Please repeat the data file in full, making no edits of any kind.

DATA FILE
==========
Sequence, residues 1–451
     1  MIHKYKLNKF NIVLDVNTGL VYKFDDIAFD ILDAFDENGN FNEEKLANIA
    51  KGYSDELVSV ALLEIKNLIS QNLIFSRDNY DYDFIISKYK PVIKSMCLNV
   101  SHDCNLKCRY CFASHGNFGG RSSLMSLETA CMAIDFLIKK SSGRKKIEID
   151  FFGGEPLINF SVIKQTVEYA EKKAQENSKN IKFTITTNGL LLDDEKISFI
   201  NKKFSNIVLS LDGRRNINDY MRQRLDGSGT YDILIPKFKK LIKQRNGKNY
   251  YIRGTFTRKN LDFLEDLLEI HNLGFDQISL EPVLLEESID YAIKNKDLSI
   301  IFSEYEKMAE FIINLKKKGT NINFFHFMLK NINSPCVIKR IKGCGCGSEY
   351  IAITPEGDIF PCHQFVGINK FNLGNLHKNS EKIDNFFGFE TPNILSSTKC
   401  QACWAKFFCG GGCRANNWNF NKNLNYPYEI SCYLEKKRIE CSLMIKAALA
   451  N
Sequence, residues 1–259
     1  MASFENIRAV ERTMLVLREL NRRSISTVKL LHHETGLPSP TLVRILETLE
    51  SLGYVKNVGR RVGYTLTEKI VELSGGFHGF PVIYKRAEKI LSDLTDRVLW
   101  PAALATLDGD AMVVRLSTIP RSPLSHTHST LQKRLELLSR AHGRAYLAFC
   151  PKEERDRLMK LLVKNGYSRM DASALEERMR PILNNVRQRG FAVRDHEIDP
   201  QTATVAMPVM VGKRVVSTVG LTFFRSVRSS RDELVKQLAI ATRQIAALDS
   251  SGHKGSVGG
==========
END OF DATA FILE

Sequence, residues 1–451
     1  MIHKYKLNKF NIVLDVNTGL VYKFDDIAFD ILDAFDENGN FNEEKLANIA
    51  KGYSDELVSV ALLEIKNLIS QNLIFSRDNY DYDFIISKYK PVIKSMCLNV
   101  SHDCNLKCRY CFASHGNFGG RSSLMSLETA CMAIDFLIKK SSGRKKIEID
   151  FFGGEPLINF SVIKQTVEYA EKKAQENSKN IKFTITTNGL LLDDEKISFI
   201  NKKFSNIVLS LDGRRNINDY MRQRLDGSGT YDILIPKFKK LIKQRNGKNY
   251  YIRGTFTRKN LDFLEDLLEI HNLGFDQISL EPVLLEESID YAIKNKDLSI
   301  IFSEYEKMAE FIINLKKKGT NINFFHFMLK NINSPCVIKR IKGCGCGSEY
   351  IAITPEGDIF PCHQFVGINK FNLGNLHKNS EKIDNFFGFE TPNILSSTKC
   401  QACWAKFFCG GGCRANNWNF NKNLNYPYEI SCYLEKKRIE CSLMIKAALA
   451  N
Sequence, residues 1–259
     1  MASFENIRAV ERTMLVLREL NRRSISTVKL LHHETGLPSP TLVRILETLE
    51  SLGYVKNVGR RVGYTLTEKI VELSGGFHGF PVIYKRAEKI LSDLTDRVLW
   101  PAALATLDGD AMVVRLSTIP RSPLSHTHST LQKRLELLSR AHGRAYLAFC
   151  PKEERDRLMK LLVKNGYSRM DASALEERMR PILNNVRQRG FAVRDHEIDP
   201  QTATVAMPVM VGKRVVSTVG LTFFRSVRSS RDELVKQLAI ATRQIAALDS
   251  SGHKGSVGG